“The patient must self-administer whatever drugs are given… the doctor cannot [give] them, they must be self-administered. That just basically protects everybody from legal [concerns]. When you’re talking about criminal liability for perhaps manslaughter, you’re talking about medical negligence, etc. So if it’s self-administered, then at least there’s a barrier between [the doctors and] legal liability from a civil perspective.

“Two doctors must agree about the patient’s medical diagnosis… and mental competency before making the prescription. The law only applies to a patient who’s been diagnosed as having six months or less to live, and the patient must also sign a form at least 48 hours before taking the medication, confirming the choice to die was made under their own free will.

“So that’s one, two, three, four, five, six, seven layers of protection. For somebody to exercise their liberty, which is what our government stands for, right? Life, liberty, and pursuit of happiness. And that’s your decision. And we in California have determined that with these safeguards that you are now able [to choose to die]. Some people are in a lot of pain, you know? You’ve got cancer patients, you know, terminal pancreatic cancer, things like that. That’s a lot of pain. And finally, you can now make a decision with dignity, with some help–some professional help–to make that choice if you want to. And that goes into effect today. And that’s kind of a watershed moment, really, celebrating freedom in my mind.”

Counterpoints to the ‘Right to Die’ law

The group took some time to discuss the rather stringent safeguards that the law put into place. Chris responded by saying: “I think it’s totally fair [for the law to have so many restrictions], because the pushback is, ‘You’re going to give poor people the short shrift because the insurance companies don’t want to pay for lots of medical care, and you’re going to force them through this process, get them these medications, and from an economic perspective encourage them to take their lives because it’s going to save you some money from an insurance perspective.’ I get that, and that [concern] does exist.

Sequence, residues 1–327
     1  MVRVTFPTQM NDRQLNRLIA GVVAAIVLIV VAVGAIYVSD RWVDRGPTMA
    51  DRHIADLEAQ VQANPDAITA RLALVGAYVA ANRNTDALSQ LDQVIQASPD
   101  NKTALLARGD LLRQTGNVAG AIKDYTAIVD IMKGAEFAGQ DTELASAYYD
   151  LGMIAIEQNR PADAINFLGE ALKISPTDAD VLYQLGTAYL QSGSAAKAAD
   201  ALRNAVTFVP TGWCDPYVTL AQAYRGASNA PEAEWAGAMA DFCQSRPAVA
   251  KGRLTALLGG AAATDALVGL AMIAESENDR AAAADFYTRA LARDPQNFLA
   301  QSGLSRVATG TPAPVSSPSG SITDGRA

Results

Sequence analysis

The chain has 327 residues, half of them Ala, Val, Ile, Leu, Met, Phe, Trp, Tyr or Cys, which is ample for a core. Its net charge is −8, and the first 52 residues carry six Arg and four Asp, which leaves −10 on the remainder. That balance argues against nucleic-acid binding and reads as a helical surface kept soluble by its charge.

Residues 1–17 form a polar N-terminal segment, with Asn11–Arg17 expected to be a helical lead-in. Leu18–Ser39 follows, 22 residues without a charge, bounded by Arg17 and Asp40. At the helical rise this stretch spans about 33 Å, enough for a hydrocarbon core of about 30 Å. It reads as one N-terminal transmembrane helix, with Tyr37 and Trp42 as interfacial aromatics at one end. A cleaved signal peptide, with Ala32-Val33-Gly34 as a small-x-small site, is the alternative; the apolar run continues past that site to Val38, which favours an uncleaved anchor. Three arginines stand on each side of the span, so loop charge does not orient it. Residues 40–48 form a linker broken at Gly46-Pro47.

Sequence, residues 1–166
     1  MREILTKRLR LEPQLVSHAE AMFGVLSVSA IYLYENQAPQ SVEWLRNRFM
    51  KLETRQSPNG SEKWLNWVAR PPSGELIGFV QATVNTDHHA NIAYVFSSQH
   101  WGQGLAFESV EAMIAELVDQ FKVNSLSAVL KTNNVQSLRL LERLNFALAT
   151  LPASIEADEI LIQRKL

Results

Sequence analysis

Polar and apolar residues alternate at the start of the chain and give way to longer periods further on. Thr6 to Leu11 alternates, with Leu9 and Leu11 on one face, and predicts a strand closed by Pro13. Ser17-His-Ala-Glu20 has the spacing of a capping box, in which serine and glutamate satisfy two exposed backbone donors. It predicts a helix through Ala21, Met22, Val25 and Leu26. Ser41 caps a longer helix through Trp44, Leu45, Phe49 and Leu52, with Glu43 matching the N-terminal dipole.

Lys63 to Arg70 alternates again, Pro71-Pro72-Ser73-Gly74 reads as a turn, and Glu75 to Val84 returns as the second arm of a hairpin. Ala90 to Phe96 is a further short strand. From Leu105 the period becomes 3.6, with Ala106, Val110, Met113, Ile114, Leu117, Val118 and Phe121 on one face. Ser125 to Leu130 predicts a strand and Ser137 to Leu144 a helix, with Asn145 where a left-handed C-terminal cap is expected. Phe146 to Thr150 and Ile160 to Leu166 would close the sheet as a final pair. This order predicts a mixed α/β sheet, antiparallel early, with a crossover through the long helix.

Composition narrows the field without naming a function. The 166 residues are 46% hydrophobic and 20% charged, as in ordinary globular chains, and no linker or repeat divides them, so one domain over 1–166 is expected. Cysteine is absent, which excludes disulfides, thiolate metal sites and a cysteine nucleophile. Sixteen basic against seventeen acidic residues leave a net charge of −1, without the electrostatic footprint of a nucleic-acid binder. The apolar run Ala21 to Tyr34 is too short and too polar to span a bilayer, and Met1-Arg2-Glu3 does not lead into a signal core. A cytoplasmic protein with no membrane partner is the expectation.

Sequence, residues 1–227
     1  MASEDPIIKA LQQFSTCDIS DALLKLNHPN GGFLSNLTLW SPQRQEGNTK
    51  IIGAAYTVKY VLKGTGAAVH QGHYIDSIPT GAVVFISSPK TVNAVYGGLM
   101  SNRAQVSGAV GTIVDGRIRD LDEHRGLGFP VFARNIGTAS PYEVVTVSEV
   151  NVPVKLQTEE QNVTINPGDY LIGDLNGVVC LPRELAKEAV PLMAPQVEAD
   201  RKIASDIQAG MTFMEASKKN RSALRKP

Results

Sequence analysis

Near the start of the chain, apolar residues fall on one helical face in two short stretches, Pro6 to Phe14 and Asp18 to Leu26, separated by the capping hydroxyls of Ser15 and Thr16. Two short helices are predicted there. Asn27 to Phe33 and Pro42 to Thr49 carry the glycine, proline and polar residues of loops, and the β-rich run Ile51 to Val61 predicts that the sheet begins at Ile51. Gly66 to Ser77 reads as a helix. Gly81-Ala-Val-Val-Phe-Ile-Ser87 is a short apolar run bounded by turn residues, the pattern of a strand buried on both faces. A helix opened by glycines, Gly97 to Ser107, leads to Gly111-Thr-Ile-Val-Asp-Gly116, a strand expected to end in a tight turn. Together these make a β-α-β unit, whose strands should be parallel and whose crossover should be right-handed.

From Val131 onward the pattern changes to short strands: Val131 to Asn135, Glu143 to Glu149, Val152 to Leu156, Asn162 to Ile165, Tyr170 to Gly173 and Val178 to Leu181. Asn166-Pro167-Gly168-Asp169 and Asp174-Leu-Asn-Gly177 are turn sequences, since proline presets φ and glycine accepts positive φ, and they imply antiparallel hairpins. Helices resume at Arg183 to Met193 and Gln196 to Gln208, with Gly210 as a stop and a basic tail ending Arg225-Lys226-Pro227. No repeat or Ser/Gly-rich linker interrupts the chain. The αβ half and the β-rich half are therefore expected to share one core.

“Insurance companies provide a super valuable service. Period. End of story. I’ve traveled all over the world, and our system is the best by far from a civil perspective. But, insurance companies want to keep their money. So, I mean, there always is a… there needs to be a safeguard to make sure that you’re not making these decisions lightly. And I think the safeguard is a pretty good one.”

The group consensus sided with Craig’s perspective. Ed summarized the law’s approval process: “It’s a review process before anything goes through. And it doesn’t just occur in 48 hours, etc. You’ve got at least a minimum of two weeks between requests, written requests, non-relatives, doctors, all these individuals that aren’t related that have no benefit to see somebody pass away but are only there… to assist.”

So while the law is a controversial one in many circles, from a legal perspective, it appears to be a well-written and sound law. But regardless of its merits, strengths, or justifications, many questions will likely continue to be raised about it, especially as other states consider whether or not to enact such laws. This process will be an interesting one to watch.